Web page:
BRODIE: Well, so let's talk about the rest of the session, because as you referenced, the House floor is made for 60 representatives, the Senate floor made for 30 senators. The rest of those buildings are not what you would call spacious. I mean, you and I have both worked down there extensively. It's not spacious. It's kind of close quarters. How do you try to hold a session that in theory involves social distancing when people are kind of crammed on top of each other?

GILES: Yeah, these are sort of, I think, brutalist type buildings, this architecture that houses the House and Senate. Not a lot of windows in either building. And that is the concern. How do you welcome the public into the building to be part of the process that there needs to be a way to let them have a say, to let them play a role in the process, but safely. And there's been some meetings that have been conducted, at least in part, virtually. Just two weeks ago, there was a meeting of the Senate where there were Republican lawmakers maskless at the dais sitting in person in front of a bunch of captive staffers who were wearing masks and Democrats who actually called in virtually. So there doesn't even seem to be any agreement on how to operate safely between the two political parties who are so closely divided in both chambers.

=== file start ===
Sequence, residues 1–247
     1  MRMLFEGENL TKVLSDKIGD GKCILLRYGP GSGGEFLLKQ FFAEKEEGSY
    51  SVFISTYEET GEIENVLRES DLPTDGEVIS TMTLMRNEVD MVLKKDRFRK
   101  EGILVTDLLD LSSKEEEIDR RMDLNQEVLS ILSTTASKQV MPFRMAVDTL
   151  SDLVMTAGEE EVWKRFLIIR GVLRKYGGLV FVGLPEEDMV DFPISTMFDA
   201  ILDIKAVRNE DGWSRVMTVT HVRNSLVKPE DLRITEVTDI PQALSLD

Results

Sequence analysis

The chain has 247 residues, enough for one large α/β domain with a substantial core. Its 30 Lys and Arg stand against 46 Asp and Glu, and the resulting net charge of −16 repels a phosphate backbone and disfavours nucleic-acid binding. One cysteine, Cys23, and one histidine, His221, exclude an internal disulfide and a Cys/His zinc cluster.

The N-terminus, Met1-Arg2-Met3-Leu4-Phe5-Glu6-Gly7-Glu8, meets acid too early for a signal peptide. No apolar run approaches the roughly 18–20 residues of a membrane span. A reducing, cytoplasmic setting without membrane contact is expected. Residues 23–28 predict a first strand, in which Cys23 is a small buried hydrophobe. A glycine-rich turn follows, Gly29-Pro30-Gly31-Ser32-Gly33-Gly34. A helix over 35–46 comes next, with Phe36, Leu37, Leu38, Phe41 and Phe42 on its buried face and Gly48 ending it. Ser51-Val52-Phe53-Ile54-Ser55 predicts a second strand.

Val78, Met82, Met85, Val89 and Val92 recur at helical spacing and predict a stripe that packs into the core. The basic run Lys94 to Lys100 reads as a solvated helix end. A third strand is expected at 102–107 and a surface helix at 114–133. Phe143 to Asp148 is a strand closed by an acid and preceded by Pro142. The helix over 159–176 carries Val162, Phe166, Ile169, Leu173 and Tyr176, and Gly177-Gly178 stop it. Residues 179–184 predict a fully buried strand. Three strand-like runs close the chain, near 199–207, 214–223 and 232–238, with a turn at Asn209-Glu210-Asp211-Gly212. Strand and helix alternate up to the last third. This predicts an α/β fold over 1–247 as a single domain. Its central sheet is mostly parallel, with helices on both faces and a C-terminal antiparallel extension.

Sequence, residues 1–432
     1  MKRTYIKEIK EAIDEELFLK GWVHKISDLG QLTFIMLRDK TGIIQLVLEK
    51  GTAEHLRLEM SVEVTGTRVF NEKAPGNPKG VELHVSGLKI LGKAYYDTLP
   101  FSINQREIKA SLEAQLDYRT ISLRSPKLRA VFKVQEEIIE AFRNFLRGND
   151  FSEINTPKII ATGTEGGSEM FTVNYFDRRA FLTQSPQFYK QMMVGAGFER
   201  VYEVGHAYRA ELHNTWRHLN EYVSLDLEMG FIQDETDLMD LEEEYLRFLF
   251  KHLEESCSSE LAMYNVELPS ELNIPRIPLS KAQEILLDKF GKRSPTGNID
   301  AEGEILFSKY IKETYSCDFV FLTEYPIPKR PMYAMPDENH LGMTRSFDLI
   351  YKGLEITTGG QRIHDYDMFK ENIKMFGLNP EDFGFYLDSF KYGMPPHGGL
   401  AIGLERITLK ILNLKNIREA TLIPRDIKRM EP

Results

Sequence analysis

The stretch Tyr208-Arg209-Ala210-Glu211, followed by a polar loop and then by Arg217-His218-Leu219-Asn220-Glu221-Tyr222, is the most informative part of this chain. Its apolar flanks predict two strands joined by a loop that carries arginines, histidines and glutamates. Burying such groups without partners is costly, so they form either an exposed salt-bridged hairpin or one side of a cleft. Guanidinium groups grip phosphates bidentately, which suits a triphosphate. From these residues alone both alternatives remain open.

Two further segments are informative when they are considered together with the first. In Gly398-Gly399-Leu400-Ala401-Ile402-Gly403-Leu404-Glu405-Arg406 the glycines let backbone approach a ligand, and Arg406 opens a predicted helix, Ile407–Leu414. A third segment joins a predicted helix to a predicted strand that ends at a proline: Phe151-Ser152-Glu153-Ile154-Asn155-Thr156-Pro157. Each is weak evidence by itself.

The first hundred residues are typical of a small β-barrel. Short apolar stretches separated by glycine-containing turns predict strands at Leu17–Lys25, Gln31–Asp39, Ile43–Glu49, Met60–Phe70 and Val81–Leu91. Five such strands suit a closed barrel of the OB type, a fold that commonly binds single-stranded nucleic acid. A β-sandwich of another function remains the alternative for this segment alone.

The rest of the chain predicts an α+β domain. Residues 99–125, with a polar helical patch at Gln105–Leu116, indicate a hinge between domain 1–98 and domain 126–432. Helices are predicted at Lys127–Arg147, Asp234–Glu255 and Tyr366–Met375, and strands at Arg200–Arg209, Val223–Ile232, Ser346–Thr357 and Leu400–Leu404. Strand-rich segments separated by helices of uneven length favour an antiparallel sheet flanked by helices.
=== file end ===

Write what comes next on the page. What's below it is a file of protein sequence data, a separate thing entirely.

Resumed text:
BRODIE: Right. Well, Ben, how do you see that playing out? Because we've heard calls from Democratic leadership for things like mask requirements for everybody in the building. And it seems as though Republican leadership, at least so far, has not fully embraced that.

GILES: There does not seem to be a desire among Republican leaders to police the activity of their caucus. It's going to be a little bit chaotic in that regard because you're going to have different lawmakers on each side of the aisle just behaving in completely different ways.